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A Binocular Tour of the Winter Sky

by Geoff Chester, USNO Public Affairs | 09 February 2021

by Geoff Chester, USNO Public Affairs | 09 February 2021

Messier 37, open cluster in Auriga, imaged from Old Tavern, Virginia on 2017 December 17
Messier 37, open cluster in Auriga, imaged from Great Meadow Park, Old Tavern, Virginia on 2017 December 17
with an Explore Scientific AR-102 10.2-cm (4-inch) f/6.5 refractor and Canon EOS Rebel T2i DSLR.

The Moon returns to the evening sky by the week’s end.  New Moon occurs on the 11th at 2:05 pm Eastern Standard Time.  Try to spot Luna’s hairline crescent during evening twilight on the evening of the 12th.  Over the next few evenings look for the phenomenon called “earthshine”, where the part of the Moon’s disc that’s not in direct sunlight reflects light from our home planet.  This ghostly blue glow is best seen during the early crescent lunar phases.

We are now approaching the time of year when the length of daylight changes most rapidly.  By the end of the week the Sun sets an hour later than it did back in December and sunrise occurs half an hour later than it did in early January.  Each passing day brings about 2.5 minutes’ more daylight, and that rate will gradually increase until the vernal equinox on March 20th, when it will amount to over three minutes per day.  

We see this change reflected in the night sky as well.  The stars of the Great Winter Circle cross the meridian between 7:30 and 10:00 pm making way for the first of spring’s star patterns.  You still have lots of time in the early evening to enjoy the colorful stars of winter and the many subtle treats that lie behind them.  This is a great part of the sky to explore with binoculars, with many objects to delight both urban and rural skywatchers.  High in the west you will find the famous Pleiades star cluster, a small knot of stars that has been the subject of lore and legend for civilizations across the millennia.  To the naked eye in a dark site it looks like a tiny version of the “Big Dipper”, with six of seven stars typically visible.  Binoculars begin to reveal the true nature of this group as dozens of fainter stars come into view.  Modern astronomical techniques have identified over 1000 stars as members of the cluster.  It is located about 440 light-years away.

Our next binocular target is easily found among the stars of Orion.  Just south of the Hunter’s “belt” of three stars you will see a small asterism known as “The Sword”.  Point your binoculars at the middle star in this group and you will see the wispy light of the Great Orion Nebula.  This glowing cloud is a stellar factory that has spawned most of the bright blue stars that make up Orion’s familiar shape.  Easily seen from suburban yards, the view from a darker site is even more spectacular.  The nebula is surrounded by ice-blue stars set on a velvet background filled with faint shimmers of nebulosity.  It 8is about 1300 light-years away.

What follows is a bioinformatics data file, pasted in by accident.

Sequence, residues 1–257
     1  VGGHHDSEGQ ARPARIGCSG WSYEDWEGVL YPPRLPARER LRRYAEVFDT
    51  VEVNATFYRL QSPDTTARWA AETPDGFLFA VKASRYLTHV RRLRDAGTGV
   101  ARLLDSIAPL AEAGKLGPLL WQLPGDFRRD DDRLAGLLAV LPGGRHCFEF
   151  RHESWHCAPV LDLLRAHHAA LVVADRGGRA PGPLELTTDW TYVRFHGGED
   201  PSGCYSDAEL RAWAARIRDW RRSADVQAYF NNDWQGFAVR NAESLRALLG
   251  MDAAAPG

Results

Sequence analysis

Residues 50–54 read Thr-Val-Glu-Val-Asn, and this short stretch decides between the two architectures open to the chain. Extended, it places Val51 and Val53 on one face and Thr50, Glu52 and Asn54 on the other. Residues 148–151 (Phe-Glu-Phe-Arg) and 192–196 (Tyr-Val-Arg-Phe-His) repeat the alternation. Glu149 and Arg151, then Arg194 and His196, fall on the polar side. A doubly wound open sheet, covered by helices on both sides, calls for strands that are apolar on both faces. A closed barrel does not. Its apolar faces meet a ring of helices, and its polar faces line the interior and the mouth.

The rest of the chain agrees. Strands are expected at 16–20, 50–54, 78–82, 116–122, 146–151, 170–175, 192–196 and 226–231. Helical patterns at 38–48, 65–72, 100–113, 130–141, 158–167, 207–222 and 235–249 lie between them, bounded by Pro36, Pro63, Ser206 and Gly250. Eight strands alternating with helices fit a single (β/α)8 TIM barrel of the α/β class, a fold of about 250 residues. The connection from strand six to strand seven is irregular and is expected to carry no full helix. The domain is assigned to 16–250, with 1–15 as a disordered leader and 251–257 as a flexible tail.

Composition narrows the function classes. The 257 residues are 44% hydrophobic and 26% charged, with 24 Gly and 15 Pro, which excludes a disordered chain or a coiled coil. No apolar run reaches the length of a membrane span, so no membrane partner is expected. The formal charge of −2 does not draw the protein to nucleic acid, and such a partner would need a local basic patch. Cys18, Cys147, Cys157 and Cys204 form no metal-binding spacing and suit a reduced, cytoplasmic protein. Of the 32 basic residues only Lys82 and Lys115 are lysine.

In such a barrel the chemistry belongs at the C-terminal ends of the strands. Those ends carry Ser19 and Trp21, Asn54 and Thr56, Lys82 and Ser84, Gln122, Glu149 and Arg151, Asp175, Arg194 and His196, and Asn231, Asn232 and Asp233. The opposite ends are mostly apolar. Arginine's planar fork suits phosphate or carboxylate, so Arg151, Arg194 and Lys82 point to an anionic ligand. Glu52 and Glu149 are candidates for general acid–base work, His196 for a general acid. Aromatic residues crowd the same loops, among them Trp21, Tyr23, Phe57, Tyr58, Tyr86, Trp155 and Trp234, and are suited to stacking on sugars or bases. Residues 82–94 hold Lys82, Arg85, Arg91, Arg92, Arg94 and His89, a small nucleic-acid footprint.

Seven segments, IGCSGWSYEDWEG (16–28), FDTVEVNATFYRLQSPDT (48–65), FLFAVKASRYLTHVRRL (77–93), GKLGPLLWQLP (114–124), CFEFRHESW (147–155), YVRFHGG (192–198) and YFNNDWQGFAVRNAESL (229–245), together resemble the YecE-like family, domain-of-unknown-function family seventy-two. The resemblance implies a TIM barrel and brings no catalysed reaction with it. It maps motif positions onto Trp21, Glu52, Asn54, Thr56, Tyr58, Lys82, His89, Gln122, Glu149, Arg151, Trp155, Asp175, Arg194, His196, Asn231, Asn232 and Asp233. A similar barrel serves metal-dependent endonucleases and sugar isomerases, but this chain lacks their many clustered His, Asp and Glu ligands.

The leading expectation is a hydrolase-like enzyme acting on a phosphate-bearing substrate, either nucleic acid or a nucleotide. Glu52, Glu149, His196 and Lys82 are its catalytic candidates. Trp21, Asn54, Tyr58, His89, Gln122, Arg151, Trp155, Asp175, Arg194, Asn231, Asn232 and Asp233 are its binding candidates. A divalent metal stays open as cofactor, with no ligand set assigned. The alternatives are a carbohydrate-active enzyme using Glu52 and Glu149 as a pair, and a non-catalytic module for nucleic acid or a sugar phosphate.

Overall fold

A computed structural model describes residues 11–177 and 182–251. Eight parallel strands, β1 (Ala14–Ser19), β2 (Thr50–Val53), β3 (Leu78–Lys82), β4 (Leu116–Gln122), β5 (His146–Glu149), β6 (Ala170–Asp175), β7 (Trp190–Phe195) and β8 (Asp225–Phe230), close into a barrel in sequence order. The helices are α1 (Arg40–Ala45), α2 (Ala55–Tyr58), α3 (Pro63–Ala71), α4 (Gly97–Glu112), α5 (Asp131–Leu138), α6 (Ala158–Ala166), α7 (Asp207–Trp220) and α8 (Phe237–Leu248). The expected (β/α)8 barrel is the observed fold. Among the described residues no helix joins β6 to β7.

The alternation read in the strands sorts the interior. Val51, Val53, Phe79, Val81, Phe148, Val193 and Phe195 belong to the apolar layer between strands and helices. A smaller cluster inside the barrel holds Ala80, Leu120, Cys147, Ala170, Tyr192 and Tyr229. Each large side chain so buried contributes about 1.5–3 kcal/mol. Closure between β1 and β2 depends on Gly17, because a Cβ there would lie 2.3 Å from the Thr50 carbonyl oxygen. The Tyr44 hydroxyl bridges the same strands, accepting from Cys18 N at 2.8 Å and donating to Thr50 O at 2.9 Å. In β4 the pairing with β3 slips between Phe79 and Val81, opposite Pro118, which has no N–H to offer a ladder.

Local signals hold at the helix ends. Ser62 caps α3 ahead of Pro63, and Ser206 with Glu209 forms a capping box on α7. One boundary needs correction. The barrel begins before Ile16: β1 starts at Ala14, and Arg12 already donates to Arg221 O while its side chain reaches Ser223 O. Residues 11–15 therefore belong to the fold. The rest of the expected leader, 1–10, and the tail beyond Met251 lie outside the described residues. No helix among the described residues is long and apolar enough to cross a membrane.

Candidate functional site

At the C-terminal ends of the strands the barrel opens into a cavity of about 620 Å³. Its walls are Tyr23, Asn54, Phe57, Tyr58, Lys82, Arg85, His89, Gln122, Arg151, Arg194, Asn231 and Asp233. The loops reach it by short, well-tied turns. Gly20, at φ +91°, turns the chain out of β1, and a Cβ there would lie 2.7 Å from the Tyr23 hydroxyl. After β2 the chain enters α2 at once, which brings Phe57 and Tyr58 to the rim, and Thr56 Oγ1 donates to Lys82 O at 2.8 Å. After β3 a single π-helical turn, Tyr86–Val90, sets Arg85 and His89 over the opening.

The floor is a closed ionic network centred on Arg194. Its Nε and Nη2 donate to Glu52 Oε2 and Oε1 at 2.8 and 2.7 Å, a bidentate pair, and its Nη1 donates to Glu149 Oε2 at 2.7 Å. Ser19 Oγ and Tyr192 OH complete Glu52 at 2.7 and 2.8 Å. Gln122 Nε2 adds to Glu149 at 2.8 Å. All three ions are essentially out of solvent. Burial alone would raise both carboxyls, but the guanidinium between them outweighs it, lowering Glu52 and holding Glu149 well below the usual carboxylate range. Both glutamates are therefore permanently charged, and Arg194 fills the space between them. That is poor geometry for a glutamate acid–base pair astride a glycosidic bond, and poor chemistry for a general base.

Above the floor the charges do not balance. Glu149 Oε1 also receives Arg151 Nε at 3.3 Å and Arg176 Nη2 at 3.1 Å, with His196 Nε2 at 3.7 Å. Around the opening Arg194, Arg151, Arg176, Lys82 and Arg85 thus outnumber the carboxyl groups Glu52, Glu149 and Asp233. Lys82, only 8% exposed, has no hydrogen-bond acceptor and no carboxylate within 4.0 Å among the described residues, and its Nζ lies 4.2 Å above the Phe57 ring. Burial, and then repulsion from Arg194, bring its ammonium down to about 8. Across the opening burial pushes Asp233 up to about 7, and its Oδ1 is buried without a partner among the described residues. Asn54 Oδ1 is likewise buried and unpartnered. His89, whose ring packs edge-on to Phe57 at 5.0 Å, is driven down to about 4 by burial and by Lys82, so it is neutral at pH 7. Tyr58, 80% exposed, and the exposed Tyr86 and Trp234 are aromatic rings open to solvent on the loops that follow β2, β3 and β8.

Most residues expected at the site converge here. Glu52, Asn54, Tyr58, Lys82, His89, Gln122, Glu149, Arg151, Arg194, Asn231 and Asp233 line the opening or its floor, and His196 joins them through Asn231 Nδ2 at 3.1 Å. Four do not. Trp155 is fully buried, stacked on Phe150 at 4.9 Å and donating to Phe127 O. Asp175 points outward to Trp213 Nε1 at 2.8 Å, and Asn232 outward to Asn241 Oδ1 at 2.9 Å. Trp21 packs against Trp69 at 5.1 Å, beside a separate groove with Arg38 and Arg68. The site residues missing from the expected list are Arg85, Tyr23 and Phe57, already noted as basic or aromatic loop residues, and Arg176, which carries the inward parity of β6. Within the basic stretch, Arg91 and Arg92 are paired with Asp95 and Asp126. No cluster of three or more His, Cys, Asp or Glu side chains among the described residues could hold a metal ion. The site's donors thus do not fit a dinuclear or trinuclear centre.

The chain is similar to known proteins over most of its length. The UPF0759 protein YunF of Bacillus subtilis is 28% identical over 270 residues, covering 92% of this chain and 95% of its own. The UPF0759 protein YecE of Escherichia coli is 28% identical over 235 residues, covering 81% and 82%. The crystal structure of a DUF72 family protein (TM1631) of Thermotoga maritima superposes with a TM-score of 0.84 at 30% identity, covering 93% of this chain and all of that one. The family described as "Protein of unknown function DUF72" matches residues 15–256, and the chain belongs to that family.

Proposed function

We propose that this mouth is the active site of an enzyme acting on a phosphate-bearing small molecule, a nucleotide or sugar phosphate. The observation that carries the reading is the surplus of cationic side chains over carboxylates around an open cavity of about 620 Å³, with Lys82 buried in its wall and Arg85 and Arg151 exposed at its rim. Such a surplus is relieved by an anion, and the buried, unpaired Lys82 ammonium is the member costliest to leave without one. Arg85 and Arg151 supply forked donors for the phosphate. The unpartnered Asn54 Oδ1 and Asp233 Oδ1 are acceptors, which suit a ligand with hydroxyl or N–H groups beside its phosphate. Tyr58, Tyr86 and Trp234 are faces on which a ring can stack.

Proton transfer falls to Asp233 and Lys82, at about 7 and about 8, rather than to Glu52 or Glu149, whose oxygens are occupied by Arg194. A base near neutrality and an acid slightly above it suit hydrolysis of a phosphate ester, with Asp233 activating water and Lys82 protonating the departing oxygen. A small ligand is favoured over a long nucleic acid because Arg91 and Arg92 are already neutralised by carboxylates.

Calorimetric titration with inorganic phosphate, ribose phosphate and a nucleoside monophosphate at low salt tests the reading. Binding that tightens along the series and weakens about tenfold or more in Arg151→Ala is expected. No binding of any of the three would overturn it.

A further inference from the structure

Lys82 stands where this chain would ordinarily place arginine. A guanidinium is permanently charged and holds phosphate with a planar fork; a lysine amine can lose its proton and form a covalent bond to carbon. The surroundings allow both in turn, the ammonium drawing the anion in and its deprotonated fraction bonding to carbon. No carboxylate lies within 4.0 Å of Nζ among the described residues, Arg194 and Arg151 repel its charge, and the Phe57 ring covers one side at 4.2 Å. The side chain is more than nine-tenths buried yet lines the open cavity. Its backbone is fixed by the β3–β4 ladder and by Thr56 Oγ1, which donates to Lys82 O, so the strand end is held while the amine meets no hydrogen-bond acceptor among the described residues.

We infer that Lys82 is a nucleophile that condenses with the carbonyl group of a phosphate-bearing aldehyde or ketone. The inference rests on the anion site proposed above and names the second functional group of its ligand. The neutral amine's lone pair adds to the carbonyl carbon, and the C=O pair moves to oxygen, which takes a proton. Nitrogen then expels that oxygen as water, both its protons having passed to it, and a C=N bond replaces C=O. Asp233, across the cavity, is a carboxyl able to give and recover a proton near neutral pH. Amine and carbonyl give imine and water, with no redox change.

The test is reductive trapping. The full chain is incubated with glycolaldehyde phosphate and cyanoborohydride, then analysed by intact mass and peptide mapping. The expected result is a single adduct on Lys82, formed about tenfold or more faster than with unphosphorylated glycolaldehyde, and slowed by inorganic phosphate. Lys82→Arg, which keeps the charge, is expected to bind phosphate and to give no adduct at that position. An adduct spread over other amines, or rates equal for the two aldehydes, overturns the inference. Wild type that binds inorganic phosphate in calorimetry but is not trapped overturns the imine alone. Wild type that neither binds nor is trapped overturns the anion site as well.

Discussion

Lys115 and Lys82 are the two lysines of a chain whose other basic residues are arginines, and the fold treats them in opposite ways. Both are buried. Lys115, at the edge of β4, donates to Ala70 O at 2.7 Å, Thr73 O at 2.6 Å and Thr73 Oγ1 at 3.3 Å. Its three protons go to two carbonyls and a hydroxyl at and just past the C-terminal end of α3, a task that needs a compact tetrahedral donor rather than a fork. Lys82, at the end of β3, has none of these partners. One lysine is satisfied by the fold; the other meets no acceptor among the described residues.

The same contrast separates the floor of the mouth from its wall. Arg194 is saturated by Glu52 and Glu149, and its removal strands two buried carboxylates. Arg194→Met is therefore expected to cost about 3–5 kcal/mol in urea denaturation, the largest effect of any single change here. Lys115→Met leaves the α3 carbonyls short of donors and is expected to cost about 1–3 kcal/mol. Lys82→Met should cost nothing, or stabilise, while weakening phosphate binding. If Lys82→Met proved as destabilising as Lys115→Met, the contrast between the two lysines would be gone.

From a dark site you should be able to see the subtle star-clouds of the Milky Way just to the left of Orion.  Let your gaze follow the glow to the zenith and the bright yellow star Capella in the constellation of Auriga, the Charioteer.  Sweep the area between Capella and the constellation’s second-brightest star El Nath (which also marks the tip of Taurus’ northern “horn”).  Here you will find three bright star clusters that will just begin to resolve in your binoculars.  Known as Messier 36, 37, and 38, these rich clusters lie at distances from 3500 to 4500 light-years.  They are excellent targets for small telescopes, especially M37, which resolves into hundreds of stars.

Our final binocular stop is yet another star cluster that is located in the somewhat obscure springtime constellation of Cancer, the Crab.  This group of faint stars resides between Castor and Pollux in Gemini and Regulus in the constellation of Leo, the Lion.  By 11:00 pm Cancer is near the meridian; sweep the area halfway between Pollux and Regulus with your binoculars to locate a scattered group of stars that form the cluster known as the Praesepe, or The Beehive.  In binoculars the cluster is a pleasing sight, set between four brighter stars.  You should be able to see a few dozen stars in the cluster from a dark site

Lonely Mars continues his vigil in the evening sky.  You will find him just over 10 degrees west of the Pleiades, and during the course of the week he closes in on the cluster.  He won’t be lonely for very long, as three emissaries from Earth arrive over the next several days.  Space probes from the United Arab Emirates, China, and the U.S. arrive between now and the 18th.


Commander, Naval Meteorology and Oceanography Command | 1100 Balch Blvd. | Stennis Space Center, Mississippi 39529

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